Wednesday, March 25, 2015

March 25, 2015, Bob Brinker's Cyclical Bull Ate His Secular Bear Market

March 25, 2015....Several readers have been talking about Bob Brinker's old-standby  market-timing selling-tool, the secular/cyclical trends, so let's bring it up-to-date.

Over the past 15 or so years, Bob Brinker has gotten a lot of mileage out of talking about secular vs cyclical market trends. In the past, he wrote extensively about them in Marketimer and discussed them on Moneytalk.

By his own words, the current secular bear market must have ended  -- without a whisper from Brinker, except to say that they never mattered anyway.  That seems almost comical, but it sure filled a lot of pages in his newsletter. This is how he defines the end of a secular bear market:

  Brinker told a Moneytalk caller in February, 2007:
“……..But what we do know is within secular trends there are no cases where a secular trend has gone beyond the previous peak by more than, by more than 10%. It's never happened, so I think it's fair to say that until that happens, the secular trend is intact.".Now the secular trend that began in year 2000 when the S&P was up in the 1500s, awww, that remains intact. The S&P 500 Index - and this is measured by the Index itself - has not gone above the prior high of 1527 close. In fact, in remains in the mid-1400s at this point. In order for it to move beyond an existing secular trend, such as the one we've had the past seven years, you would have to exceed it, I would think, by at least 10%.......”
(That definition was posted on my original Bob Brinker Blog.)

Brinker totally messed up his secular bear calls.  He declared that the one that began in 2000 had ended in 2006 -- he did that retroactively in 2007. Then he had to admit in 2009 that it had not ended after all.

June, 2007, Marketimer, Bob Brinker said:
"In our view, the valuation based secular bear market that was established following the March, 2000 closing high for the S&P 500 index (1527.46) and following the January, 2000 closing high for the DJIA (11723), reached its conclusion on June 13, 2006 at the bottom of the mid-term off-presidential election year correction."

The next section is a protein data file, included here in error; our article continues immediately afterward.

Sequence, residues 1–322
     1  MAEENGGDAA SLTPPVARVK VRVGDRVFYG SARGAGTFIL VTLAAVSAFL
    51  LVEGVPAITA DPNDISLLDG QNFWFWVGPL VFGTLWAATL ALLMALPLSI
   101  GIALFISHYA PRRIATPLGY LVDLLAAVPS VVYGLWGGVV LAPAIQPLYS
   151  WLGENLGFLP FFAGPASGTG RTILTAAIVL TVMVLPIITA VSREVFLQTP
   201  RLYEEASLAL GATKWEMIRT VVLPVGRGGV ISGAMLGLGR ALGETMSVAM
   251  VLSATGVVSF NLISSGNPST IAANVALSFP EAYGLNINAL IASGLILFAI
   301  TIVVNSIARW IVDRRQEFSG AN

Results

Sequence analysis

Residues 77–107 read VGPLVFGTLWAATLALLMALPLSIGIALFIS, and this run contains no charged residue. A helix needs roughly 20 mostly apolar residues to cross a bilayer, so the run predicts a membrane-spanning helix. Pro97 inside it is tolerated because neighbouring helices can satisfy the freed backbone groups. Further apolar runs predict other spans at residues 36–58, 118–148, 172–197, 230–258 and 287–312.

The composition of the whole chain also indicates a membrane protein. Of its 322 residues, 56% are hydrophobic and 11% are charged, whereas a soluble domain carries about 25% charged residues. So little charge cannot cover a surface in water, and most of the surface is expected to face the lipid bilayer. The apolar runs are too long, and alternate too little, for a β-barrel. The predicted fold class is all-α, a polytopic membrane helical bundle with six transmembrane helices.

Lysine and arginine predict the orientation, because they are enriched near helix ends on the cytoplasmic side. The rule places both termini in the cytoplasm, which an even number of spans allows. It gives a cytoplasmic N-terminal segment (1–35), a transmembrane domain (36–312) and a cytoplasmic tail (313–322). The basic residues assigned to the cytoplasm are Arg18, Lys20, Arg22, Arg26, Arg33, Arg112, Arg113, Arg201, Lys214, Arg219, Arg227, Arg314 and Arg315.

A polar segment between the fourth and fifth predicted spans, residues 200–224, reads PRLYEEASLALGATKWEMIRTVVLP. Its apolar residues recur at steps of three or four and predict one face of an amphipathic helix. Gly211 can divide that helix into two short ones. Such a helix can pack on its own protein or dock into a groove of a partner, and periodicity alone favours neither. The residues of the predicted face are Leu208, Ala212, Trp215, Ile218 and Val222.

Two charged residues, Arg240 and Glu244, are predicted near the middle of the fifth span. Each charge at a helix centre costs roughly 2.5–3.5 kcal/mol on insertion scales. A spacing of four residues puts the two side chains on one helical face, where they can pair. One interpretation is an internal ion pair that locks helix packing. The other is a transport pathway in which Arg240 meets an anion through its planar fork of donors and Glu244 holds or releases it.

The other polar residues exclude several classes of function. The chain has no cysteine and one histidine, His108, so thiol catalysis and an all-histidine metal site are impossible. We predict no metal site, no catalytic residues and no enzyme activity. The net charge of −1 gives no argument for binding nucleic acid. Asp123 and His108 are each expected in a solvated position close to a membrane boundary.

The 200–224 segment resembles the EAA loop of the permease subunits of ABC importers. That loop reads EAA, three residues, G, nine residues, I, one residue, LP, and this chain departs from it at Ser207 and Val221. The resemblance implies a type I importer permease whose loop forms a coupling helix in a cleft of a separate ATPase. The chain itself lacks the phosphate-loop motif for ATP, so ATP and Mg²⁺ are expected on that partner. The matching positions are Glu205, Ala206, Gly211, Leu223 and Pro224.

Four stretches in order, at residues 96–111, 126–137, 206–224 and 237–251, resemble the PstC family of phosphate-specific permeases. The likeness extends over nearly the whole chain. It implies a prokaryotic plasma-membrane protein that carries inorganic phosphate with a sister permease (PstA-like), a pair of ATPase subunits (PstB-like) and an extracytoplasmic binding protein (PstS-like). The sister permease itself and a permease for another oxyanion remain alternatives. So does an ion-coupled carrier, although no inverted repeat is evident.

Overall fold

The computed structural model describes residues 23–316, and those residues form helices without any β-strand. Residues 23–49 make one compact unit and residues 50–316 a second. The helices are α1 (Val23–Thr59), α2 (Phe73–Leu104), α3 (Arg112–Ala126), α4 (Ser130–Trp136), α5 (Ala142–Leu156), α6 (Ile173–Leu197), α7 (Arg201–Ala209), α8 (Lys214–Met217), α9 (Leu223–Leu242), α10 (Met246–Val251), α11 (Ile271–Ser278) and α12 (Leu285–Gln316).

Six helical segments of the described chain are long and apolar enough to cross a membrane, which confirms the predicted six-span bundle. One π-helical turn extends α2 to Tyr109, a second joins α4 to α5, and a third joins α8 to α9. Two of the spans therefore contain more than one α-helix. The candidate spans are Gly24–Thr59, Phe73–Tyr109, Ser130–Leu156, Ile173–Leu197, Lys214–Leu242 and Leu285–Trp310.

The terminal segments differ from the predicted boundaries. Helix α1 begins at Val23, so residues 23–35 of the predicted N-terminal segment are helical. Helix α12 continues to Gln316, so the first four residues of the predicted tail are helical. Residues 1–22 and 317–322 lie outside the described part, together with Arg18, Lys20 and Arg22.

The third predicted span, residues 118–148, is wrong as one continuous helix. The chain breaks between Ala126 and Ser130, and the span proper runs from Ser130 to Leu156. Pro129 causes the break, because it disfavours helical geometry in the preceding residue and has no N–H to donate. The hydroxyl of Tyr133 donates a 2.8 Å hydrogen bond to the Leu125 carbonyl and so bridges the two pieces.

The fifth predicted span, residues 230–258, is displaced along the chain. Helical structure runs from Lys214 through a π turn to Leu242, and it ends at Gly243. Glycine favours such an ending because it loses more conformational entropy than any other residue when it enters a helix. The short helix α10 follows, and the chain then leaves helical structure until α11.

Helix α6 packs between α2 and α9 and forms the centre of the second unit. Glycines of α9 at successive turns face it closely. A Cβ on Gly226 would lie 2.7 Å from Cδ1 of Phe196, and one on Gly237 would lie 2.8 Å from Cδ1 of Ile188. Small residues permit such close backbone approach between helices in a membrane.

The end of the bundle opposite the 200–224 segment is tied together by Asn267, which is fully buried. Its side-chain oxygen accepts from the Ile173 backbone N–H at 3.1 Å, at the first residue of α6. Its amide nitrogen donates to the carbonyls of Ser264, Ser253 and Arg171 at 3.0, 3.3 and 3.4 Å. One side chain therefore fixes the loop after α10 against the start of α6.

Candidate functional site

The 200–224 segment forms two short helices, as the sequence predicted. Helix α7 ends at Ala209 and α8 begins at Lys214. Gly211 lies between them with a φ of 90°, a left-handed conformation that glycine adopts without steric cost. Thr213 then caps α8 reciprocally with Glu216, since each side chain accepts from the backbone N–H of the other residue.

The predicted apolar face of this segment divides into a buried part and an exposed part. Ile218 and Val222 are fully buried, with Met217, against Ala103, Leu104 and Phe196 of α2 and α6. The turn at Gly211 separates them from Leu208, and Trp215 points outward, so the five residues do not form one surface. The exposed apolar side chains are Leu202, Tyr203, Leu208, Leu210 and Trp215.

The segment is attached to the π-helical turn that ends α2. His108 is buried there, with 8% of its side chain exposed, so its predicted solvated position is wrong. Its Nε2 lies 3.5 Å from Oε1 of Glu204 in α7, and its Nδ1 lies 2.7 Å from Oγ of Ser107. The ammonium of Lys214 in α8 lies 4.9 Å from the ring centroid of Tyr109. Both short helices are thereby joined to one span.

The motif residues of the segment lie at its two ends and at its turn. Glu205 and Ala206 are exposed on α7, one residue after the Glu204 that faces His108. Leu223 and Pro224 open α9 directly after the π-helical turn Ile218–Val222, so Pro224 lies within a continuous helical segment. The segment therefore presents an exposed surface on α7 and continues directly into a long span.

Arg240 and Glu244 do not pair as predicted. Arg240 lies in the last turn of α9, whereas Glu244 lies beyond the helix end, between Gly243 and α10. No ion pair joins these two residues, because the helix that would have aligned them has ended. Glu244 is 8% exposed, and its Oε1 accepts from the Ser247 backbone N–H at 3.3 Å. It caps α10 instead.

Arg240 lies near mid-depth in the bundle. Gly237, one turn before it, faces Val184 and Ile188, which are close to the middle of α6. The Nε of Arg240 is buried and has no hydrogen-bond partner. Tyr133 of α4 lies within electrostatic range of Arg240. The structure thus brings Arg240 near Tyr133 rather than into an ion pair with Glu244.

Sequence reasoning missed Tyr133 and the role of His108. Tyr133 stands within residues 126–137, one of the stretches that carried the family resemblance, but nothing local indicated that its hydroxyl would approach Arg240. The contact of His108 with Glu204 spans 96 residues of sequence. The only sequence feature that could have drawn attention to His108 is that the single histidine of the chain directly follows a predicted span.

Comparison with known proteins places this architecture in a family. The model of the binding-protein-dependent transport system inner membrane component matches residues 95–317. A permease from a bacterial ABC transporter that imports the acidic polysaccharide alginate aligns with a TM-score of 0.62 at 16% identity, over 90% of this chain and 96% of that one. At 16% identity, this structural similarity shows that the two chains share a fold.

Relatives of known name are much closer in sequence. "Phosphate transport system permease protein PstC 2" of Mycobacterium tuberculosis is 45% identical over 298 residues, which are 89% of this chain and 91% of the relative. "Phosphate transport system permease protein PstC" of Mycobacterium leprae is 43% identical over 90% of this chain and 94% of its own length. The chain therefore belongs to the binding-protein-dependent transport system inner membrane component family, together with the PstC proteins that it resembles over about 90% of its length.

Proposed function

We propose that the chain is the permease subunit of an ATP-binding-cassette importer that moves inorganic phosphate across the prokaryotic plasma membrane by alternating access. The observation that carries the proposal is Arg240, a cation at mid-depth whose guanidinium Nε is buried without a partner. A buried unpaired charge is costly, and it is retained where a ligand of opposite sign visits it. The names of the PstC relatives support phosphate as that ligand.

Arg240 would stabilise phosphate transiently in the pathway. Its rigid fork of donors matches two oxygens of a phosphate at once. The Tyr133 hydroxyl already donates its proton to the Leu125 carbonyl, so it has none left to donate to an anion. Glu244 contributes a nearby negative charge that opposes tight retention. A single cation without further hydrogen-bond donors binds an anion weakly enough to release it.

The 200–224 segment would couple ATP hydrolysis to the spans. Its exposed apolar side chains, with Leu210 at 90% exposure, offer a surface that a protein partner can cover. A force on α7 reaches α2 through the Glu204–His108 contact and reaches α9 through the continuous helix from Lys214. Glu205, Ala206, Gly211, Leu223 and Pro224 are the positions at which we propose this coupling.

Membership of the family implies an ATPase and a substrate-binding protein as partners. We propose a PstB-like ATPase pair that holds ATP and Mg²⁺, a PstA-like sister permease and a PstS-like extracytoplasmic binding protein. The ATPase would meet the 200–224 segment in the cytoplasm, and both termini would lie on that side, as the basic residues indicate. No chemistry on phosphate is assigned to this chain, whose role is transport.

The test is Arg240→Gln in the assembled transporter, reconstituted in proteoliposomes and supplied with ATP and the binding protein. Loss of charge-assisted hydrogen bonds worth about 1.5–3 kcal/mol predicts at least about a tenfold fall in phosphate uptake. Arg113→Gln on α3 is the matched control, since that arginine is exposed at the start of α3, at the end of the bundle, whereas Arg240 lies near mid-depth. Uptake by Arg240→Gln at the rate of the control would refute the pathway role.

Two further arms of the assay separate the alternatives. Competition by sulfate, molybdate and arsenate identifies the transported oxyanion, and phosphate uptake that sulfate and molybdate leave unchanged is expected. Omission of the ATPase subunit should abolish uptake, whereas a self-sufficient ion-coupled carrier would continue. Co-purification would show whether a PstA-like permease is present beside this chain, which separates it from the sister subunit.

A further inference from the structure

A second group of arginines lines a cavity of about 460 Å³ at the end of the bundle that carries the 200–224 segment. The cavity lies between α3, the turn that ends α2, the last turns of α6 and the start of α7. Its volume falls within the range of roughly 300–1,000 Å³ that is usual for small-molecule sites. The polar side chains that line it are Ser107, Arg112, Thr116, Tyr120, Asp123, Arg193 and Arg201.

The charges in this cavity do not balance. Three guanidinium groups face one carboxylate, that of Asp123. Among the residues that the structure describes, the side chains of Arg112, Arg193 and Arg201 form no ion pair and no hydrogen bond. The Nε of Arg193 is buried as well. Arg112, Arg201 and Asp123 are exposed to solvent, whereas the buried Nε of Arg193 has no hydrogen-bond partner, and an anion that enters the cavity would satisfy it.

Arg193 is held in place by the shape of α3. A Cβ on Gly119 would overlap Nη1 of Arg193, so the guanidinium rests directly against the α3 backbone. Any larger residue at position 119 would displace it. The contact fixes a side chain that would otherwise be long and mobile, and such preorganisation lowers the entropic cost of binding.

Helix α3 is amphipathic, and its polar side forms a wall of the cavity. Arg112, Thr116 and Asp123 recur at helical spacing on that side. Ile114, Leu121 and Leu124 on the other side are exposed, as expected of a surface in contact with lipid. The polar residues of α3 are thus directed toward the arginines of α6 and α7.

In May, 2009, just months after the market had dropped 55%+, Brinker changed his mind and said that the secular bear megatrend hadn't ended after all.

May, 2009 Marketimer, Bob Brinker said:

"Although it appeared to us that the secular bear megatrend that began in year-2000 had reached its conclusion, there is no  question that the secular bear megatrend remains intact...."
The final time that Brinker wrote about the secular bear market was in the December 2012, Marketimer, Brinker wrote:  
"We would not be surprised to see the current secular bear megatrend reach its conclusion within the 2014 to 2020 time frame. This would suggest that we will experience at least one more cyclical bear market within the ongoing secular megatrend that began in Year 2000.....In our view, the absolute low for the current secular bear megatrend occurred during the U.S banking crisis on  March 9, 2009."
It was also in December 2012 that Brinker seemed to subtly give himself an out regarding secular bear calls: 

December 2012, Marketimer, Bob Brinker said: 
 "While we take note of the secular market trend within the context of analyzing market history, all Marketimer asset allocation and model portfolio decisions are based solely on the market signals generated by our stock market timing model. The Marketimer stock market discipline focuses entirely on cyclical price trends."
So much for secular bears -- who needs them anyway? :)  Now he only mentions the ongoing cyclical bull market:

April, 2013, Marketimer, Bob Brinker said: 
"Given the fact that this cyclical bull market is now in its fifth year, we remain vigilant with regard to our stock market indicators."
May, 2014, Marketimer, Bob Brinker said: 
"While it is true that the mid-term off-presidential year history of the market suggests that a correction is likely this year, it is also true that the Marketimer stock market market timing model continues to suggest that the underlying cyclical bull market fundamentals remain intact. "
So what is Brinker's definition of a cyclical BEAR market? I don't know....

Sunday, March 22, 2015

March 22, 2015, Bob Brinker's Moneytalk: Stocks, Bonds, Economic and Investing Summary

March 22, 2015....Bob Brinker hosted Moneytalk live today.....(comments welcome)


LAND OF CRITICAL MASS...Having enough money to throw away your alarm clock and be your own boss. 

STOCK MARKET.....There is no change in Brinker's bullish stock market outlook. He still recommends that listeners and subscribers be fully invested with their stock market allocation. And when near or at retirement,  balanced 50-50 stock/income securities, or 40-60 or even 30-70.

BRINKERS NO-BRAINER MODEL PORTFOLIO III......Caller Kathleen from Maryland, who has started managing her mother's investments, asked about moving her away from a paid financial advisor and into Marketimer model portfolio III.